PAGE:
Kindle – market mini-analysis


OK, I just got it. The Kindle does have a market. Bezos is correct of course that the reason books persist in the digital world is their ergonomic appeal. With the Kindle he’s working to maintain that book advantage while adding the digital improvements modern technology can offer – that is a library of Alexandria at your fingertips.

Yet the obvious challenge here is what I’ve noted before – laptop users won’t switch to a device that offers ergonomic improvements but less functionality and more cost, and non-tech people won’t adopt tech approaches this quickly. So, who does that leave in the Kindle market? Jeff Bezos is one person, and I think he’ll buy one. I’d probably buy one if I had money to burn on a redundant but somewhat better device for my reading.

So the Kindle market will be heavy duty book readers who *also* like technology *and* have a fairly high threshold of disposable income. This is not a trivial number of people, though it’s probably only in the neighborhood of about 1-2% of the US population. Let’s assume that the number of people who are heavy readers and would like a Kindle and can afford a Kindle are 2% of the US population. That’s a potential market of 6 million people, which does not seem all that problematic. If they can penetrate 10% of this market and sell 600,000 devices along with the many books people will buy at 9.99 maybe it won’t lose money, and perhaps even could evolve into a device with broader appeal.

But I wouldn’t bet on this.

3 thoughts on “Kindle – market mini-analysis

  1. Sorry to say, but in my opinion this is the Microsoft Bob of tech devices to date. Bezos, with all due respect, is out of his mind on this one – surrounded by NYU grads looking for new projects at which to throw money, not unlike Microsoft. I worked at MS Research for a while, and we had tons of projects floating around just like this (even a device not unlike this, 8 years ago). The only difference was, when the rubber hit the road, Bill and company were smart enough to pull the plug 90% of the time. What happened to Jeff?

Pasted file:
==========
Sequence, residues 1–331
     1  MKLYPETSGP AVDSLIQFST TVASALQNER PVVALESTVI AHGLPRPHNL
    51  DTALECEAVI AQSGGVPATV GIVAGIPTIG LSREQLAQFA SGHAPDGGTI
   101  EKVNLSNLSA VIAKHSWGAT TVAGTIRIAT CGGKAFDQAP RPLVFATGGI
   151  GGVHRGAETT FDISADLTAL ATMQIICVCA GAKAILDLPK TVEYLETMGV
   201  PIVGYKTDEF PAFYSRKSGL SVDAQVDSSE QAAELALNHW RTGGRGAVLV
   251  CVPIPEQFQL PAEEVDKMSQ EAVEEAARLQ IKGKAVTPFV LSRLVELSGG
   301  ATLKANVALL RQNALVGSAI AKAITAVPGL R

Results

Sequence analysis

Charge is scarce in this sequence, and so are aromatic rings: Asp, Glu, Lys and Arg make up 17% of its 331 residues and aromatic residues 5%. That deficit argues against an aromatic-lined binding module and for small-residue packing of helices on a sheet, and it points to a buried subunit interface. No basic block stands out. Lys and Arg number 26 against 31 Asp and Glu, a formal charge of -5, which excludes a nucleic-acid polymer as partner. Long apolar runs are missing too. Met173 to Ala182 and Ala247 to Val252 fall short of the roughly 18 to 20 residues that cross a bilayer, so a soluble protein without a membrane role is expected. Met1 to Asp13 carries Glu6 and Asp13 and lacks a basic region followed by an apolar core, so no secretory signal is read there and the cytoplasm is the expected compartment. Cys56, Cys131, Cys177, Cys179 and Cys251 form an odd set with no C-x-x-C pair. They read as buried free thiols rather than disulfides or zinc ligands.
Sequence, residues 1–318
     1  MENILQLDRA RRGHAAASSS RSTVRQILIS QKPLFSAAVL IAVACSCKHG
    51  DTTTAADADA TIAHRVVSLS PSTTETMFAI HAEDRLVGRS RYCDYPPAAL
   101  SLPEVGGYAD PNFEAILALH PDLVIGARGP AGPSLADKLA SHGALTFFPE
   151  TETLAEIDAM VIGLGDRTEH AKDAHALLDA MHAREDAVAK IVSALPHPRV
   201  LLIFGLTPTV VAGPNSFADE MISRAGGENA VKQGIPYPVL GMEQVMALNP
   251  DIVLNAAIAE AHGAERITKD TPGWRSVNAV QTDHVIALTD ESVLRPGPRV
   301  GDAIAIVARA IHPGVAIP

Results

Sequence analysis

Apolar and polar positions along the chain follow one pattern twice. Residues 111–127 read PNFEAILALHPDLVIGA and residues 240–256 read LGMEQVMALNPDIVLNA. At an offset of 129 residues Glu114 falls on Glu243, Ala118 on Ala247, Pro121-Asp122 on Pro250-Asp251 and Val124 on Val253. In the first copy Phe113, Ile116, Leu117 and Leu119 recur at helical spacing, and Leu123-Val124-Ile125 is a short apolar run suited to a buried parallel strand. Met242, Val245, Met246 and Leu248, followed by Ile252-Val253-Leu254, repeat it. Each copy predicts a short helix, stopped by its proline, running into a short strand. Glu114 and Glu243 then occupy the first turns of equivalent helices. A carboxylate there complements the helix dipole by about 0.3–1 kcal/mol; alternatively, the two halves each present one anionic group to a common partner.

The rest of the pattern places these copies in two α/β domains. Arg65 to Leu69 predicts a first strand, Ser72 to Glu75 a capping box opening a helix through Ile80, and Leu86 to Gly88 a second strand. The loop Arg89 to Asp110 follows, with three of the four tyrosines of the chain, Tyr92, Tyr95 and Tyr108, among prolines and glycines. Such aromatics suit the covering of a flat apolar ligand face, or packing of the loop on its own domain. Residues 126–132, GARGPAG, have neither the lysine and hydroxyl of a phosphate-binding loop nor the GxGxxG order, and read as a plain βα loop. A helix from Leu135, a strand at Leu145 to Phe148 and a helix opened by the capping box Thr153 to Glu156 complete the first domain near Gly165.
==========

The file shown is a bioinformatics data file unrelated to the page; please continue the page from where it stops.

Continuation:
Seriously…the big problem with this (beyond the obvious loss of the tactile experience of reading a physical book), was pointed out in the Motley Fool’s review: If you are an avid book reader, odds are you will have no problem taking your 8.95 new paperback novel to the poolside and leaving it there while you take a dip, and only being mildly annoyed when the pages get stuck to your mai tai. Are you going to do that with a $400 device? Maybe. But not me. my Freebie MP3 player from E3? Absolutely, but not a $400 dollar paperweight.

    More questions…Are you going to jam it in your checked bag at the airport to make space in your carry-on for that bottle of tequila? Toss it on the bed from the table to make room for your laptop? Stick it under the corner of a table with one leg two short? Use it as an impromptu pillow on that unplanned layover while the fog at JFK clears?

    The other beauty of a real book? Regardless of the impressive battery life, the fact is I NEVER have to plug in a book to be able to read it, or (gasp) fold down a page for lack of a bookmark, or write a note in the margin. The practical uses of a “real” book boggle the mind. Oddly, the reasoning behind the Kindling (j/k) does too.

    I applaud the thought, and maybe we’re (being one of that 1-2% target market) all ready to plunk down $400 for this, but I doubt it. If this were a $30 dollar device used to get books to students who don’t have them, then maybe.

    Of course, I would have choked if you told me that people would pay $595 for a game console 5 years ago…

  2. Oh no Metroknow, it can’t be a MICROSOFT BOB! Several good points above. I hadn’t thought of the challenge of damaging the thing and theft, which are trivial issues with books but a significant problem here. “Honey, the kids ran the Kindle through the washer”….

    It’s a loser. I’ll be *floored* if they sell even 100,000 by Christmas and I assume they’d need many times that to make it viable.

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